A Guide to Virtual Support Groups for Rheumatoid Arthritis

Your peeps are out there, you just need to hit the right keys. Here’s how to find the right rheumatoid arthritis support online.

Living with rheumatoid arthritis (RA) can feel very lonely. Since this condition affects just about 1% of the population, it’s rare to meet others with RA in real life. Going online to find a supportive and understanding community can be one of the best things you’ ll ever do for yourself. You can bounce treatment options off others who’ve already tried them, commiserate about flare days, and sometimes even find real friendships. But every now and again, you might end up in a place that will do more harm than good. In this column, I’ll share tips to find the online groups that will feel like coming home and some of the signs that you should go elsewhere.

How I Found My Community

I have lived with autoimmune arthritis since I was four years old and aside from several years spent in hospitals as a child alongside other kids with similar diagnoses, I never knew anyone else with RA for most of my life. It made me feel very alone and isolated, but also exacerbated my sense of being different from everyone around me.

Fast forward several decades to 2005 when I started my blog “The Seated View” and that all changed. My blog allowed me to connect with other RA bloggers who understood how I felt on a deep, been-there level. Those connections made a tremendous difference in my experience with RA. I’ve learned so much from this online community of people who have supported me and made me laugh for almost 20 years. Many have become friends and I’ve even met several in person. And let me tell you: There’s nothing like the hug you get from a long-time friend you’re meeting in person for the very first time.

Finding my peeps (as I call them) has been a journey of hits and misses and every so often a few cautionary tales. I’ve tried groups where thin-skinned moderators kicked people out with no explanation and in others, posts regularly devolved into the virtual version of screaming matches. Neither of these felt supportive. To help you find your virtual community sooner, consider the following factors:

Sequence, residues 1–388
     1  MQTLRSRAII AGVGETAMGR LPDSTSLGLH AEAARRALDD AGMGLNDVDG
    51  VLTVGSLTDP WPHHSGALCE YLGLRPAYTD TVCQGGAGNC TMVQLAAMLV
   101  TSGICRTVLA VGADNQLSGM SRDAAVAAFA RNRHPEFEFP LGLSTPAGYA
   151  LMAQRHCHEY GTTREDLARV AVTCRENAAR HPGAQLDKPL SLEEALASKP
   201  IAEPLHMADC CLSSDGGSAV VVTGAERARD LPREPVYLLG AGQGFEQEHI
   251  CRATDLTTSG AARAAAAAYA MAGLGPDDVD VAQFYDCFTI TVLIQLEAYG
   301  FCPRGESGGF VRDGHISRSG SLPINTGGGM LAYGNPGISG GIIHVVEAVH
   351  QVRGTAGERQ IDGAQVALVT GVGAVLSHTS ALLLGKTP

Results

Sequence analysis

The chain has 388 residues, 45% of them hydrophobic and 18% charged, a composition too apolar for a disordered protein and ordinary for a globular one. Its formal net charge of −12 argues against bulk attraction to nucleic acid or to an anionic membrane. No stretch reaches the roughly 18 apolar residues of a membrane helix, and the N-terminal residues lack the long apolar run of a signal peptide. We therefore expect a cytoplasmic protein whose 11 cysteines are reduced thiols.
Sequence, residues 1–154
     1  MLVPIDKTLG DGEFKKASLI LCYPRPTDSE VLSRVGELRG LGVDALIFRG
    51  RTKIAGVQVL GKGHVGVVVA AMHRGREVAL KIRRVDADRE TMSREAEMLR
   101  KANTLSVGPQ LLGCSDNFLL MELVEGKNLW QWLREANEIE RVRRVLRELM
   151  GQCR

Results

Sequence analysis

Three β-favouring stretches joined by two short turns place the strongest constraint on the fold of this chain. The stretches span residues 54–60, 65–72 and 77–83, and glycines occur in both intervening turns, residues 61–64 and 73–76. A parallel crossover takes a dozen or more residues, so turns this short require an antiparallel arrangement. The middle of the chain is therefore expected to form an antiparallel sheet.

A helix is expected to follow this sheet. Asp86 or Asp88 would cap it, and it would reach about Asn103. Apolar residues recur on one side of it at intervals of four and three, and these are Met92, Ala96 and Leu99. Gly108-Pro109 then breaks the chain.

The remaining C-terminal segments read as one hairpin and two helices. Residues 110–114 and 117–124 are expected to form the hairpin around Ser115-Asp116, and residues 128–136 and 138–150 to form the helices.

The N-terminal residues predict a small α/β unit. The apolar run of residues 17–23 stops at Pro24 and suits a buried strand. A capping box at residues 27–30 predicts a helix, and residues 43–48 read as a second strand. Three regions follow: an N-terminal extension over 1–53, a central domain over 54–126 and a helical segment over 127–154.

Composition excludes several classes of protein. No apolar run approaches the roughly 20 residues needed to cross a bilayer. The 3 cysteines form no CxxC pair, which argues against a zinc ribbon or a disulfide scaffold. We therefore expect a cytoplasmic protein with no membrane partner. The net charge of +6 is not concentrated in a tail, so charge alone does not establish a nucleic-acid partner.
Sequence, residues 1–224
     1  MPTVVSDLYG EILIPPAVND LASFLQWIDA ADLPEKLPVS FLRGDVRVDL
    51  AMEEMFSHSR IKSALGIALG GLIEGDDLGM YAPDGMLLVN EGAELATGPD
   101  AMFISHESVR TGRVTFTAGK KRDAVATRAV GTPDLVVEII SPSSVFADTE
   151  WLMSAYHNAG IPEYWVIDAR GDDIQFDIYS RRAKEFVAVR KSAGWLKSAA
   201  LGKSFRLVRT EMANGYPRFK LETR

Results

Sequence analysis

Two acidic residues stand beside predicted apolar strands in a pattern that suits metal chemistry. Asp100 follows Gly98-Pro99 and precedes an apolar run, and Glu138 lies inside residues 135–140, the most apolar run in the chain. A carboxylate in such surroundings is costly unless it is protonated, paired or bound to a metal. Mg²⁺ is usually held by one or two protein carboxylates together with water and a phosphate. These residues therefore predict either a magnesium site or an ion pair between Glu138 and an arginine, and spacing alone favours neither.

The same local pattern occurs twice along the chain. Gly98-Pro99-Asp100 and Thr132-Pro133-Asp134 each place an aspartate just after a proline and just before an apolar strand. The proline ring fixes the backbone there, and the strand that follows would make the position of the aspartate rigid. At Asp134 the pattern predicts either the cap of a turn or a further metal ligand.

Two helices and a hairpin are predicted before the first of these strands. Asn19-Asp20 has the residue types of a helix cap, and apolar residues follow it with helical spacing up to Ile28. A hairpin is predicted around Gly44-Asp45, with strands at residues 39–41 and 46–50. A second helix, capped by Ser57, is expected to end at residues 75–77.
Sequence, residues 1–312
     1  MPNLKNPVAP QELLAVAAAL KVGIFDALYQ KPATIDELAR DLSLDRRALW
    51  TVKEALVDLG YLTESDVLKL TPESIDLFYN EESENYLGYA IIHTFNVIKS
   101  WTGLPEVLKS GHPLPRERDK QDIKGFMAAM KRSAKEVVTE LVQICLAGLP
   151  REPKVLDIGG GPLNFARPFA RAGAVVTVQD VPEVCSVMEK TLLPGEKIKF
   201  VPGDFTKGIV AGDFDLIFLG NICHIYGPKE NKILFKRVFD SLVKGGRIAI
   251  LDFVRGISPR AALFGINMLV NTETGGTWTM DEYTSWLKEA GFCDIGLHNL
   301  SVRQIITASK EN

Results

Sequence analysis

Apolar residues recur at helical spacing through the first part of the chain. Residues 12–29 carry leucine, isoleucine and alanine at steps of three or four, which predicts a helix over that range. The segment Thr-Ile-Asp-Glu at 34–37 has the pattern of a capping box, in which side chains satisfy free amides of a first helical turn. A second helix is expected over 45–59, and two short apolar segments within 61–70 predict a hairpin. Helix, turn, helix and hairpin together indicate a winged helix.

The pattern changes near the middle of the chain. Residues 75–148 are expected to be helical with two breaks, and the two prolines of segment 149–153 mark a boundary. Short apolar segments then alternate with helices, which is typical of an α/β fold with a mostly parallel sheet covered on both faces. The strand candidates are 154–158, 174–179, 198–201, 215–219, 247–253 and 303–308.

Find the right vibe. You can home in on your RA peeps on any social media platform and they may in fact overlap on several different ones—for instance, I have slightly different communities on Facebook, Instagram, and Twitter. Locating your community on any platform starts with a search of the term “rheumatoid arthritis” and a few hashtags, such as

  • #RheumatoidArthritis

  • #Rheum

  • #RheumTwitter

  • #ChronicIllness

  • #ChronicPain

Begin by following a few of these hashtags and jump into the conversation, leaving comments and sharing your own posts. Through this, you will make a variety of connections. Some will focus primarily on social media, others may be bloggers, and yet others may mostly share insightful or funny memes. One of the great things about social media is that there are so many ways you can use it, as well as having the ability to very quickly connect to people whose posts and messages resonate with you.

Ask yourself if privacy is important. Much of the online community happens in public, which means anyone can potentially find your participation in conversations about your health. If you are not “out” about your RA to certain people in your life, for instance your work, you may want to focus more on private groups, like the ones on Facebook. Access to such groups is often moderated, requires answering certain questions to qualify for membership, and approval by the admin or moderator of the group.

Although these kinds of groups are more private, do keep in mind that there is no such thing as 100% privacy on the Internet. If even a slight risk of your life becoming public through hacking or theft of information makes you squeamish, you may want to focus on “lurking,” meaning reading blogs or receiving email newsletters from bloggers and advocates you like without officially joining a group.